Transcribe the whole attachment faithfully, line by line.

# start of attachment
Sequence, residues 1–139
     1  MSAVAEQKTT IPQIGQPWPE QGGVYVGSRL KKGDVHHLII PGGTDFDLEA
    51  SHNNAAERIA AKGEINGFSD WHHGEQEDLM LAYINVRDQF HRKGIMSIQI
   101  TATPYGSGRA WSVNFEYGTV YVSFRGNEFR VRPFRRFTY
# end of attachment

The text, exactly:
Sequence, residues 1–139
     1  MSAVAEQKTT IPQIGQPWPE QGGVYVGSRL KKGDVHHLII PGGTDFDLEA
    51  SHNNAAERIA AKGEINGFSD WHHGEQEDLM LAYINVRDQF HRKGIMSIQI
   101  TATPYGSGRA WSVNFEYGTV YVSFRGNEFR VRPFRRFTY